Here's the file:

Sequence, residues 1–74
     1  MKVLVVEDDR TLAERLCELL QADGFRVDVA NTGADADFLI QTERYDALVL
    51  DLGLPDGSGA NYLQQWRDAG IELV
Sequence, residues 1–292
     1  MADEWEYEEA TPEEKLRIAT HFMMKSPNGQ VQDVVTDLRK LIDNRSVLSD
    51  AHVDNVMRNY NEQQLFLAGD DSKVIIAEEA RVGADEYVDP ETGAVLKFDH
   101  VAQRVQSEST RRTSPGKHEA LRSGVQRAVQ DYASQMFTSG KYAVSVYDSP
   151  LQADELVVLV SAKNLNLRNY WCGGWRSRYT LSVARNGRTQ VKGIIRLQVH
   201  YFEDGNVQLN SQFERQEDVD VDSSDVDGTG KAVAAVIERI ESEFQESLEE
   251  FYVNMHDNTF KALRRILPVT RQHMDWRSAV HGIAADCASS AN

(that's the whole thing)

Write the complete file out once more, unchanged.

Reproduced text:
Sequence, residues 1–74
     1  MKVLVVEDDR TLAERLCELL QADGFRVDVA NTGADADFLI QTERYDALVL
    51  DLGLPDGSGA NYLQQWRDAG IELV
Sequence, residues 1–292
     1  MADEWEYEEA TPEEKLRIAT HFMMKSPNGQ VQDVVTDLRK LIDNRSVLSD
    51  AHVDNVMRNY NEQQLFLAGD DSKVIIAEEA RVGADEYVDP ETGAVLKFDH
   101  VAQRVQSEST RRTSPGKHEA LRSGVQRAVQ DYASQMFTSG KYAVSVYDSP
   151  LQADELVVLV SAKNLNLRNY WCGGWRSRYT LSVARNGRTQ VKGIIRLQVH
   201  YFEDGNVQLN SQFERQEDVD VDSSDVDGTG KAVAAVIERI ESEFQESLEE
   251  FYVNMHDNTF KALRRILPVT RQHMDWRSAV HGIAADCASS AN